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Discussion Starter · #1 ·
Just wondering if anyone has tried this diet. I've always thought I was generally fairly healthy but after watching on telly the show from the books I've noticed that I am actually quite unhealthy despite not being heavy. She takes a holistic approach to food and diet and I would certainly like to feel a lot better. I know that stress is a big trigger for me but so are banana's, avocado, sugar is HUGE!Anyway, I bought both her books today, haven't had a chance to read them yet but just wondering if anyone's tried this diet and whether you had any success with it? Did it affect your IBS at all? Thanks in advance for any opinions
 

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Hi, I bought this book when it first come out and thought it was really good but didnt really do anything about it. However, about 3/4 months ago I was diagnosed with IBS and after messing about trying to figure out what my trigger foods are, I've decided to go on a detox diet. I chose carol vorderman's detox because her books contain meal plans and recipes. I've been doing it since Monday (not long I know) but Ive been 'going' reguarly now, not had too much pain, bloating and flatulence has been reduced and i feel so much healthier. It's SO expensive though - all that fruit and veg. And I've had to start making dinner days in advance so the veg doesnt go off!
 

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Discussion Starter · #3 ·
Yep, this one was expensive too although I have to confess I've read a lot of not so great stuff about Gillian McKeith of late so in the end decided maybe she was only half way to knowing what she was talking about! I adopt some of her idea's on healthy eating but in the end my budget doesn't really let me eat this way so much. Good luck with the detox! I've always been too scared to do one, I mostly suffer from D and most detox's contain a lot of juice or stuff to make you go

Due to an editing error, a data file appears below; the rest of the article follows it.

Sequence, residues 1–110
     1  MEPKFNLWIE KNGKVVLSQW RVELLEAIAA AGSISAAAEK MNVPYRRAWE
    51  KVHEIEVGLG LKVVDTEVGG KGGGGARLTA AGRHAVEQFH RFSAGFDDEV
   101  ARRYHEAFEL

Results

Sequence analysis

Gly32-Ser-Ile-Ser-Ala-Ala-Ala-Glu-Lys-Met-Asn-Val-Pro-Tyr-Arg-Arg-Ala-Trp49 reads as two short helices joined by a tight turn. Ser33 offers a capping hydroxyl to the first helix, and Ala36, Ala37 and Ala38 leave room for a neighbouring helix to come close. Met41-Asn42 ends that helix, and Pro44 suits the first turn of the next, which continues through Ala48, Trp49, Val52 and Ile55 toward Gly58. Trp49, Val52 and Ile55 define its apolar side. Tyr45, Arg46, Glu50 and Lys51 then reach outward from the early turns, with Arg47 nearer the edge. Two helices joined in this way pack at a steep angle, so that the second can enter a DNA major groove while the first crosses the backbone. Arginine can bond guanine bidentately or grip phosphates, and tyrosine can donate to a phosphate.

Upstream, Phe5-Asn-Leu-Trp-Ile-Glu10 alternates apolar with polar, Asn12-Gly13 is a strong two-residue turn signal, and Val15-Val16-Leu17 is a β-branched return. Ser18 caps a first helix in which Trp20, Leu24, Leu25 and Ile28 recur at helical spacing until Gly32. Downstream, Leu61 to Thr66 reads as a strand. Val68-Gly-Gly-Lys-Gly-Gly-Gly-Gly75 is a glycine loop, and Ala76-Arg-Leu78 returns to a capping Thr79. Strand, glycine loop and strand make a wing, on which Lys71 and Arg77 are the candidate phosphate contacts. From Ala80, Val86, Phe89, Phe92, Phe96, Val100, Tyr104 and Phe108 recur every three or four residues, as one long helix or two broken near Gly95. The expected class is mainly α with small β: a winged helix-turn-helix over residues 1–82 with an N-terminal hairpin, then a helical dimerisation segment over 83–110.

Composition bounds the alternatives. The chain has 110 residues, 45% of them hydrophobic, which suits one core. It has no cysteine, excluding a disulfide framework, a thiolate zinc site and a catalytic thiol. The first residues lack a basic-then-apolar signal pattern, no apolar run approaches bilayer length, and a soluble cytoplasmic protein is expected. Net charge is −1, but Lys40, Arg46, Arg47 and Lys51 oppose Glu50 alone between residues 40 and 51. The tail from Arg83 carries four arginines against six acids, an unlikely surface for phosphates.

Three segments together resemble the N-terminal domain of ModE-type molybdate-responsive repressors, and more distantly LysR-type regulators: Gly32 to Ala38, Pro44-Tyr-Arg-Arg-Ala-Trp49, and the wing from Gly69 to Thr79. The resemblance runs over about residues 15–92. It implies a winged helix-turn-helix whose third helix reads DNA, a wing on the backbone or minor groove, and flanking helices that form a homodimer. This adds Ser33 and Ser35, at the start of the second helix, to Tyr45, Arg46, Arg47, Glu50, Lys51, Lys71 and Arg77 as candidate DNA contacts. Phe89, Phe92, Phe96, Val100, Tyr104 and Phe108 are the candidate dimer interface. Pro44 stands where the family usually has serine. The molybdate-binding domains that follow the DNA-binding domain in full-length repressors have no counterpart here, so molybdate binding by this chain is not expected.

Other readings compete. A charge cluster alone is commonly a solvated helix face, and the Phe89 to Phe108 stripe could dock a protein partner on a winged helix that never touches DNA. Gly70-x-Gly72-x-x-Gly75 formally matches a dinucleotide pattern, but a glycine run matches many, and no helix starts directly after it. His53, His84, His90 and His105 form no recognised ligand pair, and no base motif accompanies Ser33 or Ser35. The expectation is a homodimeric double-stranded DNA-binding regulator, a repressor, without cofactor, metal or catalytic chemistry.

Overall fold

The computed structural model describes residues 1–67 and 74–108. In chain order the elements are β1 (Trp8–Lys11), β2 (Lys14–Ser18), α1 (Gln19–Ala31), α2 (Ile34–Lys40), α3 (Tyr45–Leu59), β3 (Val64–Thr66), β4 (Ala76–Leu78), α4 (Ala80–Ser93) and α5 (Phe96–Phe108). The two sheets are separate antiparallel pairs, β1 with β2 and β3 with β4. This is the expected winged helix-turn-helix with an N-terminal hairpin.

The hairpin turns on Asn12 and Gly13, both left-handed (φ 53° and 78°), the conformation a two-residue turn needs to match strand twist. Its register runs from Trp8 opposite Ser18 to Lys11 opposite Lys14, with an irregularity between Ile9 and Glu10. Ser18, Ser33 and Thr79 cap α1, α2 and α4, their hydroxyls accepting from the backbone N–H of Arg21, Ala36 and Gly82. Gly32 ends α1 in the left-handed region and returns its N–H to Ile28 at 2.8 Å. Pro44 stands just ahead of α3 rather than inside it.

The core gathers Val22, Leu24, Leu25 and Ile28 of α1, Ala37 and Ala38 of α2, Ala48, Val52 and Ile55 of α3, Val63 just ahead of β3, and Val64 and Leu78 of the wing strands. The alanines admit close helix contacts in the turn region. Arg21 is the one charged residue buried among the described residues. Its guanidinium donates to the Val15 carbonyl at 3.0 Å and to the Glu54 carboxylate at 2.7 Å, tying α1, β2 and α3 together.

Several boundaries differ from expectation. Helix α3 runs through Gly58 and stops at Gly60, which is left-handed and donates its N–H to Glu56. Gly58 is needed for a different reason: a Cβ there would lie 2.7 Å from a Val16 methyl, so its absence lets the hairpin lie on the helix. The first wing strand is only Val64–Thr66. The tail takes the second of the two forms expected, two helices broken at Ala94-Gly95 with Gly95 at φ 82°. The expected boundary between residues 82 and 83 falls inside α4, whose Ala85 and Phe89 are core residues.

I hope it helps you
 

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We just bought a new house on a well and septic, so I have been learning a lot more about water from the technician than I ever expected to know. He was at a conference recently where the presenting scientist was illustrating how the chemicals from especially our pharmaceuticals are passing through the waste process and up through the water cycle to return into the ground water, now recombined, often into very dangerous substances. (Apparantly, one of the chemicals in Paxil is a part of this; but he wasn't sure which one.) Since this is all very new and the recombinations are varied, they are currently not being flagged in the testing. But the presenter did mention the increased liklihood of 3 eyed fish and other such things starting to show up.While there is nothing we, as users can do--other than lower the amount of pharmaceuticals we all use, and that is not likely to happen with all of the $$ being made--adopting the fresh, local, organic approach to buying fruits and veg, lowering the amount of meat we consume, and using non-toxic cleaners will at least lessen the load of poisons we are all absorbing. There is, after all, something wrong with all of our digestive systems, whether it be brain/gut, SIBO, or something else. I am sure it is best not to throw more gasoline on that fire!Mark
 

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That reminds me, I saw an article a few weeks back where London's water supply contains Prozac. Seems it's used so much, disgarded by the body but sewage plants can't remove it. So it stays in the water supply.
 

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Discussion Starter · #7 ·
Wow that's pretty scary! Hard to imagine that it would end up in the water supply and pretty frightening that it does. I guess though like you said that this stuff we take has to go somewhere!
 
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